Greek life writ large has drawn criticism nationally for lacking inclusivity, perpetuating insensitivity and contributing to rape culture on college campuses. Last week, Tufts’ four Greek councils (the Inter-Greek Council, Multicultural Greek Council, Inter-Fraternity Council and Panhellenic Council) refuted this reputation with a letter to fraternity and sorority leaders, urging the Greek community to take a united stance against offensive and dangerous behavior this Halloween weekend. Some have mistakenly attributed the letter to the administration, but this was no top-down edict imposed on the student body. This was circulated to students, by students, of their own volition. The letter not only cautioned members against racist, insensitive and appropriative costumes, but also urged partygoers to take steps to mitigate incidents of sexual assault and dangerous levels of alcohol consumption.
The administration and Greek organizations have already worked together to make parties safer by ensuring that leaders are trained in risk management practices and emergency procedures. The steps outlined in the recent letter display the commitment our Greek organizations have toward ensuring that all parts of Tufts culture — including our party culture — maintain the respect, safety and sensitivity that all students should be afforded.
Some have criticized the letter as evidence of “PC culture” dominating the discourse at Tufts, and have claimed that calling for sensitivity on Halloween is a curtailment of our freedoms of speech and expression. However, political correctness — at least in this instance — is about ensuring that when individuals are in the public sphere, they are aware of how their actions might impact others. Appropriating someone else’s culture, especially in a mocking or disrespectful way, is ignorant and callous. One’s desire to show off a costume should not come at the expense of another’s dignity.
Others point toward the letter’s affirmation that offensive, threatening or appropriative costumes may result in action taken by the Office of Equal Opportunity (OEO) and/or TUPD as evidence that the administration is systematically stripping students of their right to self-expression. But the letter’s statement is not a threat — it’s a reminder of the social contract we all accepted once we came to this university. The university’s Non-Discrimination Policy clearly states that all students are guaranteed the right to live and learn in a setting that is free from discrimination and harassment, and it is the university’s responsibility to uphold and protect this tenet. Anytime a student makes another student feel threatened or unsafe, the offending student is liable for an OEO or TUPD investigation. That is our university’s policy on all days – not just Halloween. The fact of the matter is that Halloween inherently invites more opportunities to intimidate other students or make them feel uncomfortable or attacked, but that does not mean that inappropriate and offensive behavior suddenly becomes acceptable on our campus.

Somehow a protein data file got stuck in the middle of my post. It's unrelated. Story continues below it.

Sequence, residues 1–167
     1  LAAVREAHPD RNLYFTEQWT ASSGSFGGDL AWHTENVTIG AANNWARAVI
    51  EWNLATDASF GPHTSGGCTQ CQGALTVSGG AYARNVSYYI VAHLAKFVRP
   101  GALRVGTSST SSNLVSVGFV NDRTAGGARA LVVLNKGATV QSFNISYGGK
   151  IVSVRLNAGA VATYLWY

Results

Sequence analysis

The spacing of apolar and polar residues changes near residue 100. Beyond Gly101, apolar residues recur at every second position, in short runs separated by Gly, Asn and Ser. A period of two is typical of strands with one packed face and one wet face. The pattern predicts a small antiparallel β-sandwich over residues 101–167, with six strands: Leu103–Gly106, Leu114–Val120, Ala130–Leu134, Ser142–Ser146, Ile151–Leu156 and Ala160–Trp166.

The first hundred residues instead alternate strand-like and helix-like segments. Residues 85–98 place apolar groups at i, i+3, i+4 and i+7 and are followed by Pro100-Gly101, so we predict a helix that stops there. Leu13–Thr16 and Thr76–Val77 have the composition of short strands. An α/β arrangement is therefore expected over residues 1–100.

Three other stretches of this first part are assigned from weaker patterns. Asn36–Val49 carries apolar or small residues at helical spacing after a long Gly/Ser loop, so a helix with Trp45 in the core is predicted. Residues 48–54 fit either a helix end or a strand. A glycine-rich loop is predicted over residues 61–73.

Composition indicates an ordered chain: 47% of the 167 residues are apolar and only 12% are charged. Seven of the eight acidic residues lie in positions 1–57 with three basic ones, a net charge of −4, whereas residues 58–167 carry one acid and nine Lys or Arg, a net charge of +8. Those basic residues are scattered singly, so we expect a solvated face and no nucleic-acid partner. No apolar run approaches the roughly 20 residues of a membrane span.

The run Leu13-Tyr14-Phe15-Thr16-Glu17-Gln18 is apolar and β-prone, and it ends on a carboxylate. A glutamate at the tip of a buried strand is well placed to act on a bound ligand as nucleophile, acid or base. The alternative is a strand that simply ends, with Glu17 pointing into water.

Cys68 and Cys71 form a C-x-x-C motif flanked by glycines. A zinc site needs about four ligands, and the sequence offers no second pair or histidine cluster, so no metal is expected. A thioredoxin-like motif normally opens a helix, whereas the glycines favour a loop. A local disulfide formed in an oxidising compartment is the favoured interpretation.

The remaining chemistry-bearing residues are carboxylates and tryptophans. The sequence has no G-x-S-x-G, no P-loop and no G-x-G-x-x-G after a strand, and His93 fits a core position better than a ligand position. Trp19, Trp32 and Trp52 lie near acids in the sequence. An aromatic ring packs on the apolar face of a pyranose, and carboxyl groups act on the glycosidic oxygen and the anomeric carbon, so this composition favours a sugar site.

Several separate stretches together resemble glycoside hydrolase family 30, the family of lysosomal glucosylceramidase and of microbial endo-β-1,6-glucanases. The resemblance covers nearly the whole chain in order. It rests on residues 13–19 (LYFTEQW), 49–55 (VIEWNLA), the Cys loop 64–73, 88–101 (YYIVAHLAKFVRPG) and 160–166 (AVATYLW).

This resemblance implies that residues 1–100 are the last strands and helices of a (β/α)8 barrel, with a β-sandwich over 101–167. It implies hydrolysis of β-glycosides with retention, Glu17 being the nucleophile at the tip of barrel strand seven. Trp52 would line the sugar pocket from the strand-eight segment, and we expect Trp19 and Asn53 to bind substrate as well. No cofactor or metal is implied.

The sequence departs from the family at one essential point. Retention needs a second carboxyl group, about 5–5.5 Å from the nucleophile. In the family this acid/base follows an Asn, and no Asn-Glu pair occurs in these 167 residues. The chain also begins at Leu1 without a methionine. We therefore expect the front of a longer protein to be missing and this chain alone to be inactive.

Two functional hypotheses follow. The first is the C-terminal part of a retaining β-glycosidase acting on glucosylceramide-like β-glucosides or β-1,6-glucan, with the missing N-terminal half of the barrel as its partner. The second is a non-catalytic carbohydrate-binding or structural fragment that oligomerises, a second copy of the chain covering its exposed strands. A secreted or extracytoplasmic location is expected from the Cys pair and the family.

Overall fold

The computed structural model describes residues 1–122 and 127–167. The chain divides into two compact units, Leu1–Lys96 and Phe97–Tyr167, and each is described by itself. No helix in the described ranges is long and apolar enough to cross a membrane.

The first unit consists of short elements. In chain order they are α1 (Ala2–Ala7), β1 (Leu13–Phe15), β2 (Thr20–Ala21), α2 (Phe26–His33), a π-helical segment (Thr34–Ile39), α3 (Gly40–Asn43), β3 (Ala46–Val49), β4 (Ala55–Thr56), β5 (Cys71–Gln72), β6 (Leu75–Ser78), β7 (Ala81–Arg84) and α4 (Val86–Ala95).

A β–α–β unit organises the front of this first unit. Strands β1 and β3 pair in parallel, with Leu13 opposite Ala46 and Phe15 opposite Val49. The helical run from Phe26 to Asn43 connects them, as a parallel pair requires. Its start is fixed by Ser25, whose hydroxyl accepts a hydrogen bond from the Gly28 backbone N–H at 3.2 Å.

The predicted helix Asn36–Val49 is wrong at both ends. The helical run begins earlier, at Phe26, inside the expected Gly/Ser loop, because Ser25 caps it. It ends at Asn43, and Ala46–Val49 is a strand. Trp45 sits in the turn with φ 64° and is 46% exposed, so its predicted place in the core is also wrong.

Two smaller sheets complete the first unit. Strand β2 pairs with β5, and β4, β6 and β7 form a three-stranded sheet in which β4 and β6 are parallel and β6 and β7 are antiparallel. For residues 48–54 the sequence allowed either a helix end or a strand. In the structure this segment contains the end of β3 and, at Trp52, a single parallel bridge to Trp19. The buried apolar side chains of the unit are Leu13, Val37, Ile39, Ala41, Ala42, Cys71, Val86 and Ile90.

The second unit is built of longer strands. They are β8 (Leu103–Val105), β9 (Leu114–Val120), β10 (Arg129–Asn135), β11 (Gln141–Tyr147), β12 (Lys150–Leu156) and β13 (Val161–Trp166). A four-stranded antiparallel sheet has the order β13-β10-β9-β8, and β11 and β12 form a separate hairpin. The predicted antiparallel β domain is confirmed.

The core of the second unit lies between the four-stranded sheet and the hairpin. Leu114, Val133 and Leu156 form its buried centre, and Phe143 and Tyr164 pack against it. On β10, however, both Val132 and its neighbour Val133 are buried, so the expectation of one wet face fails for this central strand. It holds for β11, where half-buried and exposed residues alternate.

The administration is not claiming that a student will be arrested for an offensive costume. The letter is clear that action will only be taken in cases in which a student makes others feel unsafe or acts in an offensive or discriminatory way; these instances will be evaluated based on the impact that the actions have on others. Some believe this type of administrative action is too subjective and is thus an abusive policy. While it is undoubtedly subjective, that does not make the policy abusive or ineffective. Instances of discrimination and harassment vary case-by-case to such a degree that they cannot possibly be encapsulated by a policy that is rigid in its definition of what constitutes an infraction. Policies like these are broad by their very nature. Moreover, the process by which the OEO investigations occur leaves multiple steps for appeal. There’s no evidence that the OEO panel is punishing students in overly-harsh ways that are stifling expression. Rather, they are working to ensure safety, inclusivity and respect for everyone on our campus.
The letter sent out by the Greek councils has caused quite a stir in the Tufts community. Ultimately, the steps outlined in the letter will make this Halloween weekend more inclusive and more safe for all Tufts students. And, if that means that someone will have to buy a new costume to replace something wildly offensive that might cause other students to feel unsafe or unwelcome, then that will be money well spent.